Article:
By Dave Andrusko
Editor’s note. My family and I will be on vacation through September 6. I will occasionally add new items but for the most part we will repost “the best of the best” — the stories our readers have told us they especially liked over the last five months. This first ran June 29.
Consider the headlines: “Supreme Court Is Really Done With Anti-Abortion Laws For A While” and “Anti-abortion advocates continue push for restrictions.” If we read just those two interpretations of what will ensue in light of Whole Woman’s Health v. Hellerstedt, what might we conclude?
To be fair, the first headline, from Huffington Post, refers to laws that require abortionists to have admitting privileges, which were clobbered by the High Court on Monday. That may or may not be true going forward, but it is certainly a defensible conclusion–at least with the Supreme Court as presently constituted.
But take that idea in combination with the second conclusion from an Associated Press story–that pro-lifers are not and could not be dissuaded from passing protective laws–and what do you get? Something very, very different.
There are other pro-life laws already passed in a number of states which eventually will work their way through the legal pipeline until they reach the Supreme Court. In the AP story they were talking about a ban on dismemberment abortions (the Unborn Child Protection from Dismemberment Act) but could also have addressed the Pain-Capable Unborn Child Protection Act.
The Unborn Child Protection from Dismemberment Act is now on the books in six states– Kansas, Oklahoma, West Virginia, Mississippi, Alabama, and Louisiana The bill has also been introduced in Idaho, Missouri, and Nebraska, and is expected to be introduced in several other states.
The Pain-Capable Unborn Child Protection Act is the law in 14 states– Alabama, Arkansas, Georgia, Idaho, Kansas, Louisiana, Nebraska, North Dakota, Oklahoma, South Carolina, South Dakota, Texas [known as the Preborn Pain Act], West Virginia and Wisconsin.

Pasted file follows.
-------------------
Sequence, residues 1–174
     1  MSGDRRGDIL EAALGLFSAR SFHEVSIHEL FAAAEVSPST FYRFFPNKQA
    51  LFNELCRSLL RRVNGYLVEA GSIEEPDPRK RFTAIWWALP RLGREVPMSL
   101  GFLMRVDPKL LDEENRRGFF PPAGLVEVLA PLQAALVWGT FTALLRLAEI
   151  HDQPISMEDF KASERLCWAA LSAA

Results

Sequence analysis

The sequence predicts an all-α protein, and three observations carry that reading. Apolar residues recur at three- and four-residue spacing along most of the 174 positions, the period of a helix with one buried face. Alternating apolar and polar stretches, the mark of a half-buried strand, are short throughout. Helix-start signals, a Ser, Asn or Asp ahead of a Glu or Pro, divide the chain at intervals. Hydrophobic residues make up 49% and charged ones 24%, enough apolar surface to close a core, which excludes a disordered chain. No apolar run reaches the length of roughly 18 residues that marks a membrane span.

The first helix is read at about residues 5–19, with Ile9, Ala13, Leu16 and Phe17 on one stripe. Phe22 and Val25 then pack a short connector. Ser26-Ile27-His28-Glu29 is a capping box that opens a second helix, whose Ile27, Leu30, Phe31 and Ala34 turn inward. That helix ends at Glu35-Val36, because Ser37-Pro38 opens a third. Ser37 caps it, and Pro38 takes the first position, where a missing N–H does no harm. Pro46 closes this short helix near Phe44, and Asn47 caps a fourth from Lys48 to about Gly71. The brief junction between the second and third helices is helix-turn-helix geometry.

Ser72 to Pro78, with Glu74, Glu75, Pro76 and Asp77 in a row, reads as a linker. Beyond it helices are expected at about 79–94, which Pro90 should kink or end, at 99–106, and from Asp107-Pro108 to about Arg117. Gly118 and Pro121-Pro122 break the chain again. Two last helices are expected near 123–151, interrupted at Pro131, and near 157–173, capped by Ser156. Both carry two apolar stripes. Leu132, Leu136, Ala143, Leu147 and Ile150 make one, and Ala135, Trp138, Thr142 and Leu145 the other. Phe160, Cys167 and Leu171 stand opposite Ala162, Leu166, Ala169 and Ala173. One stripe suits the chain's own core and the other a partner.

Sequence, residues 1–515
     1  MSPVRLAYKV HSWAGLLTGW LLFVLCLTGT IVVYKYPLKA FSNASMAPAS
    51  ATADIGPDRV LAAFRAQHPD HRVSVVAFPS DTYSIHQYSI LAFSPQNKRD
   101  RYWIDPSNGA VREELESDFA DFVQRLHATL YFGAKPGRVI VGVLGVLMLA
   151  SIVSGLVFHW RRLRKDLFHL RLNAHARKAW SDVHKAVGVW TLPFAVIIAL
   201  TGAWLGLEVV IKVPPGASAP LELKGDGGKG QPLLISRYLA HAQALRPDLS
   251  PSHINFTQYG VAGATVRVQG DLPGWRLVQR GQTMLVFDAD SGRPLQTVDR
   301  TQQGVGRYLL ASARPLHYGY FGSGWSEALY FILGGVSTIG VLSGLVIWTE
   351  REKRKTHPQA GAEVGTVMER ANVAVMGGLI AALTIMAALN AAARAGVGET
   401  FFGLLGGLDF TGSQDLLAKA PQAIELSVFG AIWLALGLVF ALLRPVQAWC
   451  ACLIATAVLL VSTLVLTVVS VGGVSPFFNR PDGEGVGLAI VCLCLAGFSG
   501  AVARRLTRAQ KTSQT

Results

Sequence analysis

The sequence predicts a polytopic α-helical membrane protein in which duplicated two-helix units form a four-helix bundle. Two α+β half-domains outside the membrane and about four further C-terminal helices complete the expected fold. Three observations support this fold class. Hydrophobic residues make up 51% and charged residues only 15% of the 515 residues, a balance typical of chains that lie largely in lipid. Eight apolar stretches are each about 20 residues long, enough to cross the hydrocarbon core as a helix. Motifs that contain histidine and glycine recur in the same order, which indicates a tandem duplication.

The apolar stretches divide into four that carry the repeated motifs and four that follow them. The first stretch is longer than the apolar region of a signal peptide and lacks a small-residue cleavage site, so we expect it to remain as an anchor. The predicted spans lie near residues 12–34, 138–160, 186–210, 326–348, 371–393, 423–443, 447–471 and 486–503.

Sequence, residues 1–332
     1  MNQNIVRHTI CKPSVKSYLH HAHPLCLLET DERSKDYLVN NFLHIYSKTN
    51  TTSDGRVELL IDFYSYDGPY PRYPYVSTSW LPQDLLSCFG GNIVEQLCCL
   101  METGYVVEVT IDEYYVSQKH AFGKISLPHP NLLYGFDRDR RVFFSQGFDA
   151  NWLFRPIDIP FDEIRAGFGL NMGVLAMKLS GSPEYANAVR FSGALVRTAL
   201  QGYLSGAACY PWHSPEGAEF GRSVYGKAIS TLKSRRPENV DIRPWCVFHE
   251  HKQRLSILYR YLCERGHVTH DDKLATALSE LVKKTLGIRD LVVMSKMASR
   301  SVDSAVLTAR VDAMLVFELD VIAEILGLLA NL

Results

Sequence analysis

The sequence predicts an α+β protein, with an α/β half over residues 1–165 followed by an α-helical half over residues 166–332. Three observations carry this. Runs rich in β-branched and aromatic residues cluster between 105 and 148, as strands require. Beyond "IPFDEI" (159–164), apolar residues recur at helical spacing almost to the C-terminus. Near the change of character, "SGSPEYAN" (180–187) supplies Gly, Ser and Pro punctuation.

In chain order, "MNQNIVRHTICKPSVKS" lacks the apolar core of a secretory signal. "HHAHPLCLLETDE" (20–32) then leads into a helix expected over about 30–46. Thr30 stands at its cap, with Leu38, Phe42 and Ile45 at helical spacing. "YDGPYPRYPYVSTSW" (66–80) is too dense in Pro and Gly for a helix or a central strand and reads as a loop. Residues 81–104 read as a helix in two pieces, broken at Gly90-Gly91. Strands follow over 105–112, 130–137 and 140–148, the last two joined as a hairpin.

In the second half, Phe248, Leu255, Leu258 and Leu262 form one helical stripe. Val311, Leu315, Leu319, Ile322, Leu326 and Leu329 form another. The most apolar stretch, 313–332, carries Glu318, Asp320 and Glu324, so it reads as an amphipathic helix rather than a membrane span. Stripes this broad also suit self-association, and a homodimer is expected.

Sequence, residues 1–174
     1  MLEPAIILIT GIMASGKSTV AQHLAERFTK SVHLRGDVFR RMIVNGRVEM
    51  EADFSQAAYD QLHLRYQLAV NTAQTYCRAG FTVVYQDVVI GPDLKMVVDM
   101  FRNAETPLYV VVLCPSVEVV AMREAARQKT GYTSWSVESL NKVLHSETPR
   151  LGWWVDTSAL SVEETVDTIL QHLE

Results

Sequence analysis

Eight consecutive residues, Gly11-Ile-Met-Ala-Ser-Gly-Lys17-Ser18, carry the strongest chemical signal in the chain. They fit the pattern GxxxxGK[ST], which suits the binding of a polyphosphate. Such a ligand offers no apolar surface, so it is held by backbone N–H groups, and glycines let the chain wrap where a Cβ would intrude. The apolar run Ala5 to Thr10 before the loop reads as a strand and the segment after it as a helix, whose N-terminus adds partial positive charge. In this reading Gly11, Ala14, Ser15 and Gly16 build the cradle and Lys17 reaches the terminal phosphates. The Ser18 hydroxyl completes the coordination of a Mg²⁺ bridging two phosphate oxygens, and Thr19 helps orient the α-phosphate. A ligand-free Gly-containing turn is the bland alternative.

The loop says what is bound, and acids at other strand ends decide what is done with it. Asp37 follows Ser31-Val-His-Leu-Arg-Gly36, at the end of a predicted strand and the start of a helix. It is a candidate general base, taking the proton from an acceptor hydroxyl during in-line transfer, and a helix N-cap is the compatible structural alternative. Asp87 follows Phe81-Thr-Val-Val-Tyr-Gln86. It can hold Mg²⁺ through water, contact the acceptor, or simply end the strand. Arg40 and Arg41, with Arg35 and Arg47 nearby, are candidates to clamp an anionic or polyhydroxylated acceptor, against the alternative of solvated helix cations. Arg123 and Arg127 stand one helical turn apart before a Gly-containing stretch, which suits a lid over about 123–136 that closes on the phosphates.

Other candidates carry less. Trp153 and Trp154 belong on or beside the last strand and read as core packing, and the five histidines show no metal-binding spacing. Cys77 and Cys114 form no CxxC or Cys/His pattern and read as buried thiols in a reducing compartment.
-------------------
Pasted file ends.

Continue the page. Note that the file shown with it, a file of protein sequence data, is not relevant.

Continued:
Both laws are based on model legislation provided by National Right to Life. The latter protects unborn children who are capable of experiencing great pain when being killed by dismemberment or other late abortion methods. An unborn child is capable of feeling pain by 20 weeks after fertilization and likely earlier.
The former bans a particularly gruesome abortion method in which a living unborn child in her mother’s womb is ripped apart into pieces by an abortionist using sharp metal tools. Proponents look to the dissent in Stenberg v. Carhart and the majority in Gonzales v. Carhart and conclude the law would pass constitutional muster.
In his dissent to the 2000 Stenberg decision, Justice Kennedy observed that in D&E dismemberment abortions, “The fetus, in many cases, dies just as a human adult or child would: It bleeds to death as it is torn limb from limb. The fetus can be alive at the beginning of the dismemberment process and can survive for a time while its limbs are being torn off.”
Justice Kennedy added in the Court’s 2007 Gonzales opinion upholding the federal ban on partial-birth abortion, that D&E abortions are “laden with the power to devalue human life…”
“When abortion textbooks describe in cold, explicit detail exactly how to kill a human being by ripping off arms and legs piece by piece, civilized members of society have no choice but to stand up and demand a change,” said Mary Spaulding Balch, JD, director of NRLC’s Department of State Legislation. “When you think it can’t be uglier, the abortion industry continues to shock with violent methods of abortion.”
Justice Ruth Bader-Ginsburg, an avid abortion supporter, made the comparison for us in her dissent in Gonzales. Both methods, she wrote, “could equally be characterized as ‘brutal,’ involving as it does ‘tear[ing] [a fetus] apart’ and ‘rip[ping] off’ its limbs.”
The simple truth is dismemberment abortions are as brutal as the partial-birth abortion method, which is now illegal in the United States.
As we have shown in numerous posts since Whole Woman’s Health v. Hellerstedt was decided against us 5-3, our Movement refuses to allow any ruling to be seen in any way other than what it is: a temporary setback on the road to a final victory which protects unborn children and their mothers.